(Image used with permission of the Daughters of Charity Archives. Text based on research done by Sister Betty Ann McNeil, DC)
This week we will mark the birthday of Elizabeth Ann Seton, who was born August 28, 1774. The image seen here is based on the well-known Filicchi portrait of Elizabeth Ann Seton. The Filicchi family, of Livorno Italy, were business associates of Elizabeth Ann Seton’s husband, and it was the Filicchi who introduced Mother Seton to the Catholic faith following her husband’s death.
The Filicchi Portrait is based on a left-profile engraving of Elizabeth Bayley Seton by Ceroni about 1868. Ceroni based his engraving on a right-profile one by Charles Balthazar Julien Fevret de Saint-Mémin in 1797, which the Setons gave as gifts to friends and family, including the Filicchi, about 1798. Sometime after the death of Elizabeth Ann Seton’s husband, William Magee Seton, the Filicchi family commissioned a portrait of the Widow Seton based on the face but with a left profile and adding the traditional mourning garb of a black cap and cape, which became the habit of the American Sisters of Charity. Amabilia Filicchi may have provided the grieving Elizabeth with the customary dress of “widow’s weeds” worn in Tuscany at that time.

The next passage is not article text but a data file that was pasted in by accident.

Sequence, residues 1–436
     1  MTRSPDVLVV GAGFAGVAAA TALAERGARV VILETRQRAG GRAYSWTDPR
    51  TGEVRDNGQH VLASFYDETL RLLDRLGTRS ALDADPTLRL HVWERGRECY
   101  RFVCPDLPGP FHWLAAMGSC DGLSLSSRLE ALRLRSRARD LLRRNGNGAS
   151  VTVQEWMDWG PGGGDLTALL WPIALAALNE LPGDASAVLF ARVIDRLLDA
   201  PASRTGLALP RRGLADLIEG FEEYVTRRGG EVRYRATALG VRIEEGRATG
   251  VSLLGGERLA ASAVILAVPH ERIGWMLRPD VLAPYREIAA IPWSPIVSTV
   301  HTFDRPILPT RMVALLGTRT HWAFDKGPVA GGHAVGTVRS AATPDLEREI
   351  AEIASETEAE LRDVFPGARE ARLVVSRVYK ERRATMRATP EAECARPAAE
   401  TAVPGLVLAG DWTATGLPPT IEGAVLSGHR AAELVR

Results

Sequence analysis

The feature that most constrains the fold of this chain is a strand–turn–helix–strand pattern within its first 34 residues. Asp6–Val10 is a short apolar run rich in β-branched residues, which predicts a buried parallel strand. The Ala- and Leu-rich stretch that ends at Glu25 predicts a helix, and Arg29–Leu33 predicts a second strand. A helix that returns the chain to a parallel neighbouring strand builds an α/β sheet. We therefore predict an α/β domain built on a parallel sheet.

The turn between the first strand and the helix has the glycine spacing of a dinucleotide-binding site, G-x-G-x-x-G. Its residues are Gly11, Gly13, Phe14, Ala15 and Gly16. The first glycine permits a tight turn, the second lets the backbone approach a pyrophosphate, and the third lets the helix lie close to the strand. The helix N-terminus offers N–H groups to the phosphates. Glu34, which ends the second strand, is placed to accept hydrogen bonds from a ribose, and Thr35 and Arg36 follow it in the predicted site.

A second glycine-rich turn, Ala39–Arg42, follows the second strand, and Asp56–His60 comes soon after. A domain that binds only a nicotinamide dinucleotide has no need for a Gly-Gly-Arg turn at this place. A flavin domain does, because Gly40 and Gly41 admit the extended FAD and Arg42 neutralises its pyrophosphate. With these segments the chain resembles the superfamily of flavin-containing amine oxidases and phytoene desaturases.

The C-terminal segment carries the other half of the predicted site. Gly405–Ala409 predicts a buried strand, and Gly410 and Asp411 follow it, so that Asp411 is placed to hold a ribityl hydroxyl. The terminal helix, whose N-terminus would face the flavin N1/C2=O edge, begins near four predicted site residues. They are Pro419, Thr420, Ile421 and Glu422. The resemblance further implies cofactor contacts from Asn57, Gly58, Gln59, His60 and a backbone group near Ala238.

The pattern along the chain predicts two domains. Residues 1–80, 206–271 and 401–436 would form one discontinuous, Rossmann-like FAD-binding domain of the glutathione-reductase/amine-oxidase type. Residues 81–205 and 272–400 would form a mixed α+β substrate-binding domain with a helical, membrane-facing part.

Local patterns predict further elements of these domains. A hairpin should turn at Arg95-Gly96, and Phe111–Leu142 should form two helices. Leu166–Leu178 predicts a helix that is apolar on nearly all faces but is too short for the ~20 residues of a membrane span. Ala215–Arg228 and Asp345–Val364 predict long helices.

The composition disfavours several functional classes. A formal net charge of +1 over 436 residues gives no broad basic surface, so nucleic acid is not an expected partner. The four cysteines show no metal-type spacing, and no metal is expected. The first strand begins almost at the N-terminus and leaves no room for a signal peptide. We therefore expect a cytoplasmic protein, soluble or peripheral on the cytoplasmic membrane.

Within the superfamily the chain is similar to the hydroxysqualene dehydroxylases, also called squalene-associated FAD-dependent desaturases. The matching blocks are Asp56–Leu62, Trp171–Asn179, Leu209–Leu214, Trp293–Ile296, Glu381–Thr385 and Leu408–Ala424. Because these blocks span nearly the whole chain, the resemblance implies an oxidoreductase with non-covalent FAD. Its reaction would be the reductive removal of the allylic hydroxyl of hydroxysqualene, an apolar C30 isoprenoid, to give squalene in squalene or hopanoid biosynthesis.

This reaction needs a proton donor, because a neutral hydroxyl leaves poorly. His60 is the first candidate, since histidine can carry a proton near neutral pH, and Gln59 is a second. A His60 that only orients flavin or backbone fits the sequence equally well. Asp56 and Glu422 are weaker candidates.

In response to a request from the Daughters of Charity for a copy of the Filicchi portrait, Patrizio Filicchi sent reproductions of her painted portrait to Emmitsburg in 1888, noting that he kept the painting “always before my eyes.” One is now exhibited in the museum of the National Shrine of Saint Elizabeth Ann Seton.
The original painting no longer exists; it was destroyed during World War II.
At the first meeting of the Conference of Mother Seton’s Daughters in 1947 those attending agreed on the style of the Filicchi portrait as the official one to be used for Elizabeth Ann Seton’s cause for canonization. The Conference of Mother Seton’s Daughters is known today as the Sisters of Charity Federation.
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